The following night we arrived thirty minutes before the start of the performance to pick up the tickets (which, from memory, we hadn’t been able to do when paying as the machine was broken) and were immediately offered a free swap to sit in two more expensive seats. We both nodded and upgraded quickly.
We took our seats and looked at the stage. A bed, a small desk and make-up mirror, a sofa and a desk. Not much more. From the ceiling hung various symbols of a childhood that saw the 80s and 90s. Gordon the Gopher, Mallet’s Mallet, Trivial Pursuit and many other items were suspended on wires above the whole of the stage. As it turned out, none were used as active props but were definitely a talking point before the show started.
At 8.15pm the lady herself came out and the show began. Belting out her own modified version of “Say Hello, Wave Goodbye” made famous by Soft Cell, my initial and instinctive thought was that she was perhaps trying too hard. As the show went on, it quickly became apparent that what I’d perceived had been wrong. Van Outen was able to sing, and sing well.
The story follows Stephanie – played by Denise Van Outen – who is a successful business woman, famous for her range of underwear, and equally well known for her private life being splashed all over the papers. Married to Paul for years, a sudden Facebook poke (does Facebook still have that?!) springs Stephanie into a whirlwind of memories of times gone past. Her first love, Sean, initiated the poke and what follows is a surprisingly well-written story.
There were aspects that annoyed me about the show. Van Outen’s habit of bending slightly forward and to her right as she started a strong note was probably not noticed by many, but when I saw it for the first time I couldn’t help but see it every time. Also, the strong Essex accent – piled on thicker than it needed to be – had a habit of making me wince every now and then.
However, if I’m to be totally honest, I am nit-picking. The accent, whilst more Saaaarfend than Chelmsford, gave weight to the character – A Chelmsford girl done good. Any slightly strange movement when singing was totally blown away by the voice itself – a voice which belies the wannabe pop star that the star of the show wanted to be twenty years ago, and which is as far removed from a charity single with Johnny Vaughan as you could imagine.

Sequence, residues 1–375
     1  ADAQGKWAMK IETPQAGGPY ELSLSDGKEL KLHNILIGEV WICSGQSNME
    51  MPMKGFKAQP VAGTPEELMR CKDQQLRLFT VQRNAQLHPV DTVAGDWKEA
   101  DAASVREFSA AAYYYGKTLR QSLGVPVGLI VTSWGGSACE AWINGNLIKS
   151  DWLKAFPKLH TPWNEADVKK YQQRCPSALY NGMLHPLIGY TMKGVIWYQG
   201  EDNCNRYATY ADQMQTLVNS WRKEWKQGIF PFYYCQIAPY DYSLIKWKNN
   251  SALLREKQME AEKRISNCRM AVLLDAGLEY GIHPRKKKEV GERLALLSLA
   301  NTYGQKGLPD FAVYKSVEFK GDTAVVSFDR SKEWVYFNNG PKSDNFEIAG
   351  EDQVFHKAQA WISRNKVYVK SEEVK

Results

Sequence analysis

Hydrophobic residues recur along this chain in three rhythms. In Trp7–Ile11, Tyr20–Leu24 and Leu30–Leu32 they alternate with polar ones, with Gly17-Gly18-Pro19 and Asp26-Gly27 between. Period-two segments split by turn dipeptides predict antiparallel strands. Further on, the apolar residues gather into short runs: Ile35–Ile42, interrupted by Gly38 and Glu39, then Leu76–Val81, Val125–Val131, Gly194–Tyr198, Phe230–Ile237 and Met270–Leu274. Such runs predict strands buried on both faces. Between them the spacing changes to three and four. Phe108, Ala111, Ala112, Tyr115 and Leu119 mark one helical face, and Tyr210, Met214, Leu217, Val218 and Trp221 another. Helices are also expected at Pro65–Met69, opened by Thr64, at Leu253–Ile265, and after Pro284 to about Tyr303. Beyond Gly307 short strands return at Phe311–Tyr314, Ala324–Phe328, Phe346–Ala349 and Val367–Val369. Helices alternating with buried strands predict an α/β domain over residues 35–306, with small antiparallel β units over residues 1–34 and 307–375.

With various mentions of local Chelmsford places (including Duke Street, Tindal Street, The Golden Fleece and High Chelmer to name but a few), the story moved at speed and the emotions displayed seemed genuine and heartfelt rather than acted.
If I had been skeptical before, I came away converted. The writing was superb, the acting even better and the music was contagious enough to have me singing a Sonia song as we walked back to the hotel.
There are many things that you could call Denise Van Outen. Trust me, when she began stripping on stage, one of the things I almost called out was for her hand in marriage (the girl’s still got it!), but after this display the title of actress, singer or playwright would sit well.
Overall, though, and above everything else, I would just call her extremely talented.
Some girl I used to know is on at the Arts Theatre until 13th September.
This is an honest review based on my own experience, and no free tickets, reimbursement or other incentive was received for writing this.